Contact: Dr. Annette Tuffs
University Hospital Heidelberg

Related medicine news :

1. Fort Dodges Mosquito Shot Offers Convenient Protection Against Dangerous Mosquito-Borne Illnesses
2. The price paid for higher energy is highly dangerous to teeth
3. LightAir Cleans the Air From the Smallest and Most Dangerous Particles Without Generating Ozone
4. Poor sleep more dangerous for women
5. New Drug for Brain Cancer Too Dangerous for Pediatric Patients
6. Depression After a Heart Attack Dangerous for Years
7. Workplace Survival: Memoir Tells of Woman Who Developed Lung Disease After Exposure to Dangerous Toxins
8. Avoid Dangerous Chemicals and Embrace Organic Skin Care
9. Dangerous duo: Hostility plus depression elevates risk for heart disease
10. A dangerous transition: High school to the first year of college
11. Report Shows Dangerous Chemical Can Leach From Baby Bottles
Post Your Comments:
(Date:11/30/2015)... ... November 30, 2015 , ... Using a combination of two blood ... children and adults, according to a new study by researchers at the School of ... Children and Adults: Using Combinations of Blood Glucose Tests ,” published in Frontiers in ...
(Date:11/30/2015)... ... November 30, 2015 , ... Newly reviewed and approved “NJ Top ... from Tufts School of Dental Medicine in 1935. His father graduated from NYU ... being in dentistry as well as their commitment and passion to the Practice of ...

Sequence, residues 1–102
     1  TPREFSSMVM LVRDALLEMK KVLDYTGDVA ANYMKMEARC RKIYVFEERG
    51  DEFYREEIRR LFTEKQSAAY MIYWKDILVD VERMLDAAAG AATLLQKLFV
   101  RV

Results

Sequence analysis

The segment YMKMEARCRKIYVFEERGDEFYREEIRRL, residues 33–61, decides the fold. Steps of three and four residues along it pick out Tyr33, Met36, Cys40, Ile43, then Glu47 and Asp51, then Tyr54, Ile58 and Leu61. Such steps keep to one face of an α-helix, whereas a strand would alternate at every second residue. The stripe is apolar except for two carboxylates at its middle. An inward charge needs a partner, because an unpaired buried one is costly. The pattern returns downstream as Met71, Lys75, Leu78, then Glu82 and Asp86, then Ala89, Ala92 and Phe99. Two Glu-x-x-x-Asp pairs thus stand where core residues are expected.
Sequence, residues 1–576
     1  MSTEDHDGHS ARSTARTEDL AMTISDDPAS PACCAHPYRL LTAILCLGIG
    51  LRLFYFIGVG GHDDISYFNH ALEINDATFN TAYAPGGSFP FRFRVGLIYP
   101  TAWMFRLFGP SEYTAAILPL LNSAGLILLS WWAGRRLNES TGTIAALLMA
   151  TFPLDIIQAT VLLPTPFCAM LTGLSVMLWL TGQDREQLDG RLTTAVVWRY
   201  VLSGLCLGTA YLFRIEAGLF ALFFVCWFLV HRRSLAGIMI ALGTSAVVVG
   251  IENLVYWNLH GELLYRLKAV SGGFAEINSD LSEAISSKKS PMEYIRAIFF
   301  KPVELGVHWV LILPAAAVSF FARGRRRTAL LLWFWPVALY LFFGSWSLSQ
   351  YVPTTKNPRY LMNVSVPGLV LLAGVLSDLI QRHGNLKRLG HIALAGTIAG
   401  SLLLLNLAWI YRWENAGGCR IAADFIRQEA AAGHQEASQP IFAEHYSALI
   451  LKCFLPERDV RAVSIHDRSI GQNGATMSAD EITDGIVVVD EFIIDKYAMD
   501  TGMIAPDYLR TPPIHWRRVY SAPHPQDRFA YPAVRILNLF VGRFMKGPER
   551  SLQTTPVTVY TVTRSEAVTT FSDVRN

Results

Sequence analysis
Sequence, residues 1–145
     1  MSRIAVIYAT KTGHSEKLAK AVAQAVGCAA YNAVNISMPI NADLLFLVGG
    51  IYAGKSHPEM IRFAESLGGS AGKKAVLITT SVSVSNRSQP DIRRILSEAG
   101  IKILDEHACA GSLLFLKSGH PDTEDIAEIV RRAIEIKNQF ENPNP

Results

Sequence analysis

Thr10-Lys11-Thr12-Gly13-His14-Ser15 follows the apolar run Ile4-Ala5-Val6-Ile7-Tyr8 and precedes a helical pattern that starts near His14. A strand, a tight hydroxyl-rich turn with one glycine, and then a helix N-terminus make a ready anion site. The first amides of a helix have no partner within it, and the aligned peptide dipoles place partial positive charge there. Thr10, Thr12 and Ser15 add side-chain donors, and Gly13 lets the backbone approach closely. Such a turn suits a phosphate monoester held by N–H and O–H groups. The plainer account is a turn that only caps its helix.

(Date:11/30/2015)... York, NY (PRWEB) , ... November 30, 2015 , ... ... York Times,” will be released on December 1, 2015, to coincide with World AIDS ... about the groundbreaking journalist who covered the AIDS epidemic as he was dying of ...
(Date:11/30/2015)... ... November 30, 2015 , ... The American Society for ... honor of World AIDS Day 2015. On Nov. 30, ASCP shared its “Give a ... about World AIDS Day and the importance of getting tested for HIV. , ASCP ...
(Date:11/30/2015)... ... 30, 2015 , ... California-based i2i Systems, a pioneer defining ... Michigan-based Family Health Center (FHC) has selected i2iTracks as their population health management ... the largest Affordable Care Act grant for Federally Qualified Health Centers in the ...
Breaking Medicine News(10 mins):
(Date:11/30/2015)... , Nov. 30, 2015 Nautilus Medical ... Radiology Image Management platform ( ). The release ... announced from RSNA 2015 (Radiology Society North America) in ... conference in the U.S. --> ... platform that enables access to radiology studies worldwide via ...
(Date:11/30/2015)... North America was valued ... at a CAGR of 7.6% from 2015 to 2020. --> ... million in 2014, and is expected to grow at a CAGR ... the new Market Research Report "North America Cardiac Output Monitoring Devices ... ambulatory care, others) - Analysis And Forecast To 2020", the cardiac ...
(Date:11/30/2015)... 30, 2015 ... adds a 2015 publication on ... 2015 with comprehensive analysis of recent ... deal types, such as Mergers & ... . --> ...
Breaking Medicine Technology: